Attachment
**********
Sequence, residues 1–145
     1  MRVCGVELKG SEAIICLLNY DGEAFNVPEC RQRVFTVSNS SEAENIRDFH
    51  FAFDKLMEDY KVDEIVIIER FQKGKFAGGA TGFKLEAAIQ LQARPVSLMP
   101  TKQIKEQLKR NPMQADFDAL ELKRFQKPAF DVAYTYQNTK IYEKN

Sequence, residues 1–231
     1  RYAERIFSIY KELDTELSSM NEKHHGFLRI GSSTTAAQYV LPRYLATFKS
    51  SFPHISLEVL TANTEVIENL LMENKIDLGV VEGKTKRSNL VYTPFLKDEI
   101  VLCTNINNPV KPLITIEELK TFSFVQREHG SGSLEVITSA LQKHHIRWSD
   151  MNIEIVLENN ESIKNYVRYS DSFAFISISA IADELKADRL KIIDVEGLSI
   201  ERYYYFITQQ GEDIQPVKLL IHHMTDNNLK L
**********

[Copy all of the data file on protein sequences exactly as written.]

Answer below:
Sequence, residues 1–145
     1  MRVCGVELKG SEAIICLLNY DGEAFNVPEC RQRVFTVSNS SEAENIRDFH
    51  FAFDKLMEDY KVDEIVIIER FQKGKFAGGA TGFKLEAAIQ LQARPVSLMP
   101  TKQIKEQLKR NPMQADFDAL ELKRFQKPAF DVAYTYQNTK IYEKN

Sequence, residues 1–231
     1  RYAERIFSIY KELDTELSSM NEKHHGFLRI GSSTTAAQYV LPRYLATFKS
    51  SFPHISLEVL TANTEVIENL LMENKIDLGV VEGKTKRSNL VYTPFLKDEI
   101  VLCTNINNPV KPLITIEELK TFSFVQREHG SGSLEVITSA LQKHHIRWSD
   151  MNIEIVLENN ESIKNYVRYS DSFAFISISA IADELKADRL KIIDVEGLSI
   201  ERYYYFITQQ GEDIQPVKLL IHHMTDNNLK L